How to keep the passion for travel alive during coronavirus outbreak

Travel may be off the agenda at the moment.

But that doesn’t mean you have to stop exploring new places.

Here, we round up the best travel books, virtual tours and TV and radio shows that will keep your passion for travel alive.

Mexican road trip

The book On The Plain of Snakes by Paul Theroux charts his journey through Mexico. In Mexico City, pictured, he describes how he is robbed 

Theroux completes his journey across Mexico by car

Theroux completes his journey across Mexico by car 

After driving for five days from his home in Cape Cod, veteran travel writer Paul Theroux crosses the border into Mexico full of optimism in On The Plain Of Snakes, a gritty and colourful travelogue about the nation to America’s south, on whose border President Donald Trump aims to build a giant wall.

On one level, Theroux’s journey by car is all about sniffing out stories to tell it how it is in a country that suffers so terribly from poverty and drug violence.

But there is also an uplifting personal side: although he recognizes he has become an ‘old gringo’ (now 78), the act of hitting the road soon fills him with ‘euphoria’ and makes him feel young again. ‘No sooner had I gotten behind the wheel than a feeling came over me that was like being caught in a cosmic wind, reminding me of what travel at its best can do: I was set free.’

Theroux’s skill in capturing encounters and his keen ear for dialogue enrich his journey along the borderlands by the Tijuana River, as he learns from migrants about the perils of passing north and of ‘drug tunnels’ beneath no man’s land. This is not your average fly-drive.

He heads south to Monterrey and, later, along backroads to Chiapas and Oaxaca, where he crosses el llano de las serpientes (the plain of snakes). A different world soon opens up: ‘Green pastures of browsing cows, old timber corrals and tile-roofed ranchitos, wildflowers, butterflies, and hawks drifting in the cloudless sky.’

Mexico City, however, is another matter, where a corrupt traffic policeman robs him and leaves him ‘trembling’, only for the very same encounter to happen again a couple of days later. He is out of pocket to the tune of several hundred dollars.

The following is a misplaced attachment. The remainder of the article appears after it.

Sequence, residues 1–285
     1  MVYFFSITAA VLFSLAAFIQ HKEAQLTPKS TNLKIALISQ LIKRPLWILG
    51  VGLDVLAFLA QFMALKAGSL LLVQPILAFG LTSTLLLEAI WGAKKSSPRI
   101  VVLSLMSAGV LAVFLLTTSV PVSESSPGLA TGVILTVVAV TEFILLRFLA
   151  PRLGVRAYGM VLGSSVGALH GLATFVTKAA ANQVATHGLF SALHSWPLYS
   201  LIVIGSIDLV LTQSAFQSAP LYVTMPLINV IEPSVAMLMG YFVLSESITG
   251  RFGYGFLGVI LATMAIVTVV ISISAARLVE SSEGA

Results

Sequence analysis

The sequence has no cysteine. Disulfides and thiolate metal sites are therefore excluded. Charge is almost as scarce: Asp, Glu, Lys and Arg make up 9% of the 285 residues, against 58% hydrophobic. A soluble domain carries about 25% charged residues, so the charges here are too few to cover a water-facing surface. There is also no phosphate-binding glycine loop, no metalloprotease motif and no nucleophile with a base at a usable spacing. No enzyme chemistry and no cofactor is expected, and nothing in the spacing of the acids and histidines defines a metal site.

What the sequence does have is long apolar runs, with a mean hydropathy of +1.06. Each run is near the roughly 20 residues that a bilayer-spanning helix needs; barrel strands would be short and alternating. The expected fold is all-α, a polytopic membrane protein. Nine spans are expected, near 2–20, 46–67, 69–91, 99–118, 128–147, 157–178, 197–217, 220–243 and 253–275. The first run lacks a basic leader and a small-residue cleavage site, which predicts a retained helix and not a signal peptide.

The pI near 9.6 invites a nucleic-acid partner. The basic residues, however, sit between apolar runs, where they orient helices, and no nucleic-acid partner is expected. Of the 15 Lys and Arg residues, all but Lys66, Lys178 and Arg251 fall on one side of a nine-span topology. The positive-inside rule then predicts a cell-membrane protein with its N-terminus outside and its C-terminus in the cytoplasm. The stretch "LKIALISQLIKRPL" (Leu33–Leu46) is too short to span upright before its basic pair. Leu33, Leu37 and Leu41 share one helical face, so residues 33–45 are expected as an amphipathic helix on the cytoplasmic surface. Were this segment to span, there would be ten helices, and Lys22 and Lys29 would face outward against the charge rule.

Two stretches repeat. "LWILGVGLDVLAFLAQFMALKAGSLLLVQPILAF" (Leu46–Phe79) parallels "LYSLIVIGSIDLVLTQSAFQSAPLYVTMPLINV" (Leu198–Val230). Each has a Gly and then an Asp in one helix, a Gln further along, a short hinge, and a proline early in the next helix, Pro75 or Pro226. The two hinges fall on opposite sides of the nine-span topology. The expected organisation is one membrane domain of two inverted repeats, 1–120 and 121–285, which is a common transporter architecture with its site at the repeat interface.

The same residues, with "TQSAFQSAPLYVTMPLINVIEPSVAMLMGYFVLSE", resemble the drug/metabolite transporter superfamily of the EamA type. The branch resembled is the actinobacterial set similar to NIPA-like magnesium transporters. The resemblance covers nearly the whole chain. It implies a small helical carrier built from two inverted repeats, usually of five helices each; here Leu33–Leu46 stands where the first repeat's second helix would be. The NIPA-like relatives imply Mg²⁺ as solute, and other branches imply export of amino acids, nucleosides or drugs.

Over the potholed roads he goes, avoiding mudslides and dead cats, as he slips into the troubled and joyous ‘mayhem of Mexican life’. It comes as little surprise that a bribe is required before he can cross into America on his way home.

Yet the great pleasures of this book are admiring Theroux’s dogged persistence, being glad he’s done it and not you, and sitting back in self-isolation and enjoying his many mishaps and insights.

  • On The Plain Of Snakes by Paul Theroux (Hamish Hamilton, £20, paperback in September, £9.99).

Land of the rising sun

The book, Be More Japan: The Art of Japanese Living, where you can learn all about Japanese culture

The book, Be More Japan: The Art of Japanese Living, where you can learn all about Japanese culture 

Those who had been planning a trip to Tokyo for the 2020 Olympic Games in July — now postponed until next year — can get a taste of life in the land of the rising sun from home with Be More Japan: The Art Of Japanese Living.

Learn all about J-pop (Japanese pop music), how to conduct yourself in an onsen (a hot spring), martial arts, sumo wrestling, the Japanese semi-obsession with robots and video games, street food etiquette, sushi, and what makes the perfect Japanese garden.

There’s a special section on otaku, Japanese for ‘geekery’ and a word used to describe fans of anime (animation), manga (comic or graphic novels), and video games. 

This in part explains the increase in popularity of ‘maid cafes’, where waitresses dress up in maid costumes and act as servants. Colourful pictures add to the text of this well-designed coffee table book that will have you dreaming of the Far East, in all its peculiarities. 

  • Be More Japan: The Art Of Japanese Living (D.K., £16.99).

Amber adventure

Along The Amber Route traces the history of the old trade passage from St Petersburg to Venice

Along The Amber Route traces the history of the old trade passage from St Petersburg to Venice 

More than 90 per cent of the world’s amber comes from the Baltic Sea — where ancient Greeks and Romans sourced the prized condensed pine resin for transportation south.

In Along The Amber Route, C. J. Schuler traces this glittery old trade passage.

The result is a charming travel journey that begins in St Petersburg — to see the famously over the top Amber Room in the Catherine Palace — before snaking onwards to Estonia, Latvia, Lithuania, Kaliningrad, Poland and the Czech Republic, finally reaching Venice.

Schuler goes amber-hunting on beaches (eventually finding a piece of his own ‘Baltic gold’ washed up near Klaipeda, in Lithuania), visits many an amber museum and reflects on his own family’s connections to the route south; his father is from Wroclaw in Poland, a key staging post.